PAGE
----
A Spinal Disc Herniation is when the inside jelly of the disk seeps through to the fibrous wall and puts chemical or mechanical pressure on the nerve. Intervertebral discs are positioned between the vertebrae in the spine. The outside disc is made from cartilage and fiber, while in the center of the disk its jelly-like solution. These discs serve many purposes, including allowing movement of the spine, creating space between the vertebrae, and acting as shock absorbers. The gelatinous middle allows the disc to compress and expand based on impact and movement. A healthy spine provides a full range of motion and activities of the body. Many people have no symptoms of a herniated disk; however, depending on where the herniated disk is, it can result in pain, numbness, or weakness in an arm, leg, or back.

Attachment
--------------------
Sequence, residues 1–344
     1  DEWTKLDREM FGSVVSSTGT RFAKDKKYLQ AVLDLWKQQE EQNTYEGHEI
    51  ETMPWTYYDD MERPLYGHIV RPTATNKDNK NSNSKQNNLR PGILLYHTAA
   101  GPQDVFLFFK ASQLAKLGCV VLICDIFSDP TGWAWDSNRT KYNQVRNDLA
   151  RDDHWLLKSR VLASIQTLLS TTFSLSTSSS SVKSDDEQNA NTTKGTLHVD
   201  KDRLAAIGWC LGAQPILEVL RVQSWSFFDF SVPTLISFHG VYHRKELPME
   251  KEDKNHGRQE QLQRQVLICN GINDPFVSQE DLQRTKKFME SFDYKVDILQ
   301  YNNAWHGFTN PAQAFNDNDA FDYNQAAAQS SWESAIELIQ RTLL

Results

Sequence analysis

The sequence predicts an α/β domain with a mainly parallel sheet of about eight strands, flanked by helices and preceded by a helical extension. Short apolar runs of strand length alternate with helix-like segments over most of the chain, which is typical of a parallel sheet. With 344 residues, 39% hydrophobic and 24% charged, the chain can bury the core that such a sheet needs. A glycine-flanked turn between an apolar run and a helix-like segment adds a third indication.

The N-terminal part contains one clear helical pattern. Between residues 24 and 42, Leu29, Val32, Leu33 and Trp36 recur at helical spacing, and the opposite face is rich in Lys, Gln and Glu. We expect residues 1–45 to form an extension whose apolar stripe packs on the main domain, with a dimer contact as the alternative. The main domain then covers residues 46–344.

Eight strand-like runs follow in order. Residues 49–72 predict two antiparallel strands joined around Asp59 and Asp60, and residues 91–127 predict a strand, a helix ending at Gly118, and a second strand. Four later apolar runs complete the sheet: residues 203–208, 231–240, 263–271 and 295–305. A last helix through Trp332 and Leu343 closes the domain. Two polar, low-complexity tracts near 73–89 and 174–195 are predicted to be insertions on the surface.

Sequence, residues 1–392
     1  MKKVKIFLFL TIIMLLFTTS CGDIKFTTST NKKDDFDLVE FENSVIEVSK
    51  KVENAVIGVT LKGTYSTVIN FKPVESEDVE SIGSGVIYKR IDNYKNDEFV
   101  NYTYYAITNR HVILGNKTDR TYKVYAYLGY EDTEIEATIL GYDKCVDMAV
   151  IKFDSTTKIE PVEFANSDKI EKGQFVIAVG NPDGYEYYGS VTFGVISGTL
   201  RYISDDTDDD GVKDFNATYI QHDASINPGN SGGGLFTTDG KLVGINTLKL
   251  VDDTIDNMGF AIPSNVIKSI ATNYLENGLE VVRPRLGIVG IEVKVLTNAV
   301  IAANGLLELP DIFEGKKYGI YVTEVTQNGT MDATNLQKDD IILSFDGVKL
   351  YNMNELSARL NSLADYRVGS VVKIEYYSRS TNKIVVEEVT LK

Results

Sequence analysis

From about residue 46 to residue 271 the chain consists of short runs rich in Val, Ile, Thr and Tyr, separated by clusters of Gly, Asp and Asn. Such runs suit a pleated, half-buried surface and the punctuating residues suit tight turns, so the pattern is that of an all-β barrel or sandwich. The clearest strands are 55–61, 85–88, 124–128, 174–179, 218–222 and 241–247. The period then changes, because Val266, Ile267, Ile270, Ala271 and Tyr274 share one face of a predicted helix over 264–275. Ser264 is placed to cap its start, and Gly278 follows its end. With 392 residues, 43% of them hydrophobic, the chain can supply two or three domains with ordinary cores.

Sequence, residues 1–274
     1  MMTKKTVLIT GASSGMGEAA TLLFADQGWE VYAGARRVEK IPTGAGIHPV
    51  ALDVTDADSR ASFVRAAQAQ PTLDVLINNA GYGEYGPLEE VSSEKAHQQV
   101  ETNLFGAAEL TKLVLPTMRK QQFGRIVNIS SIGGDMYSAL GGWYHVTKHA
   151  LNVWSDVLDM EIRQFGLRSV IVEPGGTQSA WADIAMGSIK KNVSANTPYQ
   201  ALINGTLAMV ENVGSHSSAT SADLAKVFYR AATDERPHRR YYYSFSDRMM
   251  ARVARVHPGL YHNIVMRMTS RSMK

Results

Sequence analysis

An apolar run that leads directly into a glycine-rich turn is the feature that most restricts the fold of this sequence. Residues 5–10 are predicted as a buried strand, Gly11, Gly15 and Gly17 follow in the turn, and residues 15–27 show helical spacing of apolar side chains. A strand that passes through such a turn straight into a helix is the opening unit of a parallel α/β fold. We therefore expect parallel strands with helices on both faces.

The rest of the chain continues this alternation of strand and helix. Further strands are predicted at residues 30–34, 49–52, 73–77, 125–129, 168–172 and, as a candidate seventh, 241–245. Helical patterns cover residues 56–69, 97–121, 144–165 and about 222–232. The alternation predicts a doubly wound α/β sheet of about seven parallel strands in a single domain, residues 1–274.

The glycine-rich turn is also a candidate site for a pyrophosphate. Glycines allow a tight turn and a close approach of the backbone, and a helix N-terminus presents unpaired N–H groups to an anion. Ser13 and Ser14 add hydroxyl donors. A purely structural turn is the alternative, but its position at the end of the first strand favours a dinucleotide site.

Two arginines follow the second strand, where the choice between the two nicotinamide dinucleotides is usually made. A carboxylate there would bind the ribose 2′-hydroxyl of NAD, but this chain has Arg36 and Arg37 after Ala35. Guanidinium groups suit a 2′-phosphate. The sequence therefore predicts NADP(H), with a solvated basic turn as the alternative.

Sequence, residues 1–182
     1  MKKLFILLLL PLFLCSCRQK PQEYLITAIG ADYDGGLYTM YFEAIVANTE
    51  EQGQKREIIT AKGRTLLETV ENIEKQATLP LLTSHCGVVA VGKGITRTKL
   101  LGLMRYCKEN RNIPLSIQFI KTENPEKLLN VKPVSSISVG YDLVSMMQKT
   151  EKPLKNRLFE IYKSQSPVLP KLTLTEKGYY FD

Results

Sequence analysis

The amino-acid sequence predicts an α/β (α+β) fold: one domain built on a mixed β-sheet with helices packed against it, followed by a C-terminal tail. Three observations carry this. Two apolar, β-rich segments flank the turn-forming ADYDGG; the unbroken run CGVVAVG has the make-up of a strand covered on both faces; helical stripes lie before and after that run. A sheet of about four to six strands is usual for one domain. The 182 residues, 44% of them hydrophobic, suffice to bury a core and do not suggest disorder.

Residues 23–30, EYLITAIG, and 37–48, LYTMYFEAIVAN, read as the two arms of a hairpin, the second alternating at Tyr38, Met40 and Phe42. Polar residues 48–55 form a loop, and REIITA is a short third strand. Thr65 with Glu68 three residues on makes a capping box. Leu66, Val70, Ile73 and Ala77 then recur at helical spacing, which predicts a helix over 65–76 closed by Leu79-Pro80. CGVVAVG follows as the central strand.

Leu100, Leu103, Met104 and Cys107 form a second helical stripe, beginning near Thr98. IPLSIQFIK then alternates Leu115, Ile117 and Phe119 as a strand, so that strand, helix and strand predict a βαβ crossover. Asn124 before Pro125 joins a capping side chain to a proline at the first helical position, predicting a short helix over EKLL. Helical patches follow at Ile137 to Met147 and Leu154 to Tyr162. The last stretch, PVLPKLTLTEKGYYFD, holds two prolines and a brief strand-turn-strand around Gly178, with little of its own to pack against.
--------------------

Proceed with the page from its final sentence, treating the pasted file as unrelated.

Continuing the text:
What causes a Herniated Disc Back Pain?
Trauma to the spine can cause the discs to herniate or even rupture. That can include auto accidents, sports injuries, a fall, or water dive in the wrong way.
Most people can't identify the cause of their herniated disk. But most people remember an incident in which they were left in a debilitating back or neck pain. Sometimes, using your back muscles instead of your leg and thigh muscles to lift heavy objects or twisting and turning while lifting can both cause a disc herniation.
Another cause can be related to age. As we get older, the discs can deteriorate and dehydrate, leading their wall to weaken and herniate easier.
Where do you get the Herniated Disk?
The two main areas for disk herniation are lumbar and cervical spine regions. Lumbar disc herniation occurs 15 times more than cervical disc herniation and is a significant cause of lower back pain. We have a detailed description of cervical and lumbar disk herniation on our website.